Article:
Poland’s Prime Minister, Mateusz Morawiecki, has declared that Poland will cease sending weapons to Ukraine, shifting its focus towards strengthening its defense capabilities. This announcement came shortly after Warsaw summoned the Ukrainian ambassador amid a dispute over grain exports.
Morawiecki explained, “We are no longer providing arms to Ukraine because we are now equipping Poland with more advanced weaponry.” This decision raised questions about Poland’s continued support for Ukraine, considering the ongoing grain export disagreement.
Poland has steadfastly supported Ukraine since Russia’s invasion in February 2022 and has been a significant supplier of weaponry to Kyiv. Additionally, Poland has provided refuge to approximately one million Ukrainian refugees who have received various government assistance.
Tensions between Warsaw and Kyiv erupted due to Poland’s ban on Ukrainian grain imports aimed at safeguarding its own farmers’ interests, and these tensions have recently escalated.
In his address to the UN General Assembly, Volodymyr Zelenskiy accused certain European nations of indirectly aiding Russia through their stance on grain exports. Zelenskiy expressed concern, stating, “It is alarming to see how some in Europe play out solidarity in a political theater – making a thriller from the grain. They may seem to play their role, but they are helping set the stage for a Moscow actor.”
Morawiecki subsequently cautioned Ukraine’s authorities, suggesting that if the conflict escalates, Poland might extend the import ban from Ukraine to additional products. He emphasized the destabilization of Poland’s farming industry and the need to protect Polish farmers.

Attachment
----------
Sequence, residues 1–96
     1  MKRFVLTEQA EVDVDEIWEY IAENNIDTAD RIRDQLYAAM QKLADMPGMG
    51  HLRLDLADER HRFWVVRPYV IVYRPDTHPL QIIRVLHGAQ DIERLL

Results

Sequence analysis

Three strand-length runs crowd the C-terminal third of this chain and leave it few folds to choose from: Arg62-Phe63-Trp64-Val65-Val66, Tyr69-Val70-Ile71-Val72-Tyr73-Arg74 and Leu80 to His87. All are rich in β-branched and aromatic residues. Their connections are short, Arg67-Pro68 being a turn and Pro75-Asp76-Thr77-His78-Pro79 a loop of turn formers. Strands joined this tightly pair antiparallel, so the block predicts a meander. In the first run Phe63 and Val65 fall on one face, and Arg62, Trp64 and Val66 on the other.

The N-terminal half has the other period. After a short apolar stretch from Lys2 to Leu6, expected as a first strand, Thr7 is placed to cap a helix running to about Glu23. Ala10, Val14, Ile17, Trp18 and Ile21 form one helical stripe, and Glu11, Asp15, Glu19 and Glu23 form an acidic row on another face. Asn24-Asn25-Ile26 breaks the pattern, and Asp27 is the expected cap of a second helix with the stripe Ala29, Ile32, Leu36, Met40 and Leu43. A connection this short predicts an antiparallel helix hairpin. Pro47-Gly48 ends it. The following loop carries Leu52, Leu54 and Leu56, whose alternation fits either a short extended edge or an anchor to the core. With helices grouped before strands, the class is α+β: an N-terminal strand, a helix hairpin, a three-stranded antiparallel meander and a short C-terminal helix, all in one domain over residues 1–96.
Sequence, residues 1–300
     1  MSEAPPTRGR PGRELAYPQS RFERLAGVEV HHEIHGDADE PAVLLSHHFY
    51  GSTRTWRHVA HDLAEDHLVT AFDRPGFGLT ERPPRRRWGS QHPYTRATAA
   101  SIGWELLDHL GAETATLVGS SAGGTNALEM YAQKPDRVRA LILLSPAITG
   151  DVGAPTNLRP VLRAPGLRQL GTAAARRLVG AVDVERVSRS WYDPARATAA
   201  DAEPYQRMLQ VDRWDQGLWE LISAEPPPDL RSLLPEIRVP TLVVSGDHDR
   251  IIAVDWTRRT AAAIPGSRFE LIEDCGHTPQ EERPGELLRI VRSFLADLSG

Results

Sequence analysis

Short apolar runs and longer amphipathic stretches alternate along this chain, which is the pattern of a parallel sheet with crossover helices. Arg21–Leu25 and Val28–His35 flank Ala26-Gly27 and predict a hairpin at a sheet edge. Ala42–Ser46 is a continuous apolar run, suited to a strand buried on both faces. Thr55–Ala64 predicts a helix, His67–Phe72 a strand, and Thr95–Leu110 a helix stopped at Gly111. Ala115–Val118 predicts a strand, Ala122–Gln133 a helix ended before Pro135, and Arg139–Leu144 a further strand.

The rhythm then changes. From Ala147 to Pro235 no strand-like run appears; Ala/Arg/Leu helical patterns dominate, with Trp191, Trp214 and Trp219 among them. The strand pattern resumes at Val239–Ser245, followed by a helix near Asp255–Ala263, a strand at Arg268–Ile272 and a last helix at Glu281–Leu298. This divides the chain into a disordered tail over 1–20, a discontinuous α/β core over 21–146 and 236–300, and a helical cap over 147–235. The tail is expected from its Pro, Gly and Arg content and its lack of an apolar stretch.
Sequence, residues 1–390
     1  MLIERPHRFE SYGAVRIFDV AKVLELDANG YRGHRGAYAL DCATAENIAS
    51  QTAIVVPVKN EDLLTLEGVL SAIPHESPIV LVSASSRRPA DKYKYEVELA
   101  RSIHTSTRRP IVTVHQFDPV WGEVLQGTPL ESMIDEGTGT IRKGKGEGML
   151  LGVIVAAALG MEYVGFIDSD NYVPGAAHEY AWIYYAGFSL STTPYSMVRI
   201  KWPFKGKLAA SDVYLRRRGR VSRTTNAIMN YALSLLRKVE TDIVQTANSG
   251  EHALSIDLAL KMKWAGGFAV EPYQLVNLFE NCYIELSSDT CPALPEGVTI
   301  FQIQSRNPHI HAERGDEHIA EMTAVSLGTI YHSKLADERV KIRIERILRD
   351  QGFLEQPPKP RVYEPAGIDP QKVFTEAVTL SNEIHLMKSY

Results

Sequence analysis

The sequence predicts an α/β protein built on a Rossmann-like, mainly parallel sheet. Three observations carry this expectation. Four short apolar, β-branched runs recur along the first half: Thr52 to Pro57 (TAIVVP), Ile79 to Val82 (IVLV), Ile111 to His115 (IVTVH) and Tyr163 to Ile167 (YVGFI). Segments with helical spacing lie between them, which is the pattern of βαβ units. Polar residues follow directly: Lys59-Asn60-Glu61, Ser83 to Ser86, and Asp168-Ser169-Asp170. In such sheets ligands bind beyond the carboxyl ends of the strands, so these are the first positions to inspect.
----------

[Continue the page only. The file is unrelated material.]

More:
The disruption caused by Russia’s invasion of Ukraine has redirected grain shipping away from Black Sea routes to the EU, making it a significant transit and export destination for Ukrainian grain.
In May, the EU imposed restrictions on grain imports, limiting them to Bulgaria, Hungary, Poland, Romania, and Slovakia to protect local farmers who attributed declining prices to the imports. These measures allowed products to pass through these countries but prevented them from being sold on their local markets.
However, on Friday, the European Commission announced the end of the import ban, citing the disappearance of market distortions in the five bordering member states. Poland, Hungary, and Slovakia immediately expressed their intent to defy this decision.
The issue is susceptible in Poland due to upcoming elections next month, as the ruling populist right-wing Law and Justice party enjoys strong support in farming regions.
Kyiv responded to warnings from Poland, Hungary, and Slovakia by announcing its intention to file a complaint with the World Trade Organization (WTO).
Poland’s foreign ministry responded by stating that applying pressure in multilateral forums or submitting complaints to international courts were inappropriate methods to resolve differences between the two countries. In turn, Kyiv urged Warsaw to adopt a “constructive” approach and set aside emotions in the dispute.